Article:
(B) M3GAN You can run, but you definitely can’t hide, so say hello to your newest horror movie obsession in this delightfully bonkers film about a lifelike doll that begins to take on a life of its own. M3GAN, more often than not, is a comedy before it’s a horror movie, opening with a guffaw before a jarring smash to violence and trauma. PG-13 (for violent content and terror, some strong language and a suggestive reference). 102 mins.

(B-) A MAN CALLED OTTO A grumpy and suicidal widower (Tom Hanks) forges a life-changing friendship with a new neighbor (Mariana Treviño, in a standout performance). The cumulative effect of the story’s twists and turns is powerful, if somewhat predictable. PG-13 (for mature thematic material involving suicide attempts and language). 126 mins.

(B+) THE MENU Anya Taylor-Joy and Nicholas Hoult play a couple who travel to a remote island to eat at an exclusive restaurant presided over by a chef (Ralph Fiennes) who puts more than food on the menu. This black comedy- thriller skewers high-end foodie culture with a hilariously shocking zest. R (for strong/disturbing violent content, language throughout and some sexual references). 106 mins.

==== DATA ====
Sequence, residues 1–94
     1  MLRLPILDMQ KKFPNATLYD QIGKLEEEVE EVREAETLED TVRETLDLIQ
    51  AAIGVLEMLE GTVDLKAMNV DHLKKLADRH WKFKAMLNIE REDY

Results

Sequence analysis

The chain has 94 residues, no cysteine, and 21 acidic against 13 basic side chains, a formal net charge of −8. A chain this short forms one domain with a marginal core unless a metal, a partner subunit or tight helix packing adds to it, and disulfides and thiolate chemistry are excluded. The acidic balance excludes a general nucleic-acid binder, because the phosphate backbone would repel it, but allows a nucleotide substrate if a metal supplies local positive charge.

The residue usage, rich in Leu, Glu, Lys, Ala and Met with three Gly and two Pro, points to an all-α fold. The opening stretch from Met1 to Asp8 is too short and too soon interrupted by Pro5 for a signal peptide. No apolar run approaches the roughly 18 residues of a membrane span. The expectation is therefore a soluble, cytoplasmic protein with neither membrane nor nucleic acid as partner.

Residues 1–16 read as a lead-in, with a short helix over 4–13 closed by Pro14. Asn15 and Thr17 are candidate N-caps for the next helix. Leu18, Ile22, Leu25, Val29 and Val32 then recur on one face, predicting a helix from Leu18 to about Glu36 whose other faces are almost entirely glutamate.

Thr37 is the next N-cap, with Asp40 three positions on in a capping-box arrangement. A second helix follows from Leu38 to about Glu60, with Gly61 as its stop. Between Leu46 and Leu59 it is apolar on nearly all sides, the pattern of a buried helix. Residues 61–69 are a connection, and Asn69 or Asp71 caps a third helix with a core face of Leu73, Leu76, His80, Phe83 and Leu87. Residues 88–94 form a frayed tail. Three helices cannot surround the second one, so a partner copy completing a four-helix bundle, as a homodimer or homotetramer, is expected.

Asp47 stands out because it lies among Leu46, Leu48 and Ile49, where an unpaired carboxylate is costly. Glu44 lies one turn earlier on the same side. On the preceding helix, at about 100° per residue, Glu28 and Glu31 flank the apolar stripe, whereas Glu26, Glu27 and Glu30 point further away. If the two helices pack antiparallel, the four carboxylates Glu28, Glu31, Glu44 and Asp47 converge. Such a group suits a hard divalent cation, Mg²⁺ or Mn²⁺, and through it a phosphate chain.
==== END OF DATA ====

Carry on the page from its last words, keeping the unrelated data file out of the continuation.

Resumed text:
THE OLD WAY A former gunslinger (Nicolas Cage) must face the consequences of his past when an outlaw gang puts his family in peril. Also starring Clint Howard, Ryan Kiera Armstrong, Abraham Benrubi and Noah Le Gros. R (for violence). 95 mins.

(B-) PLANE A pilot (Gerard Butler) makes an emergency landing on a war-torn island and sees most of his passengers taken hostage by rebels, and he must then fight for survival alongside an accused murderer (Mike Colter) who was being transported by the FBI. Butler and Colter make a fun and appealingly masculine pair in this taut thriller that offers a well-executed hunk of pulpy entertainment. Just don’t expect any political nuance or social commentary. R (for violence and language). 107 mins.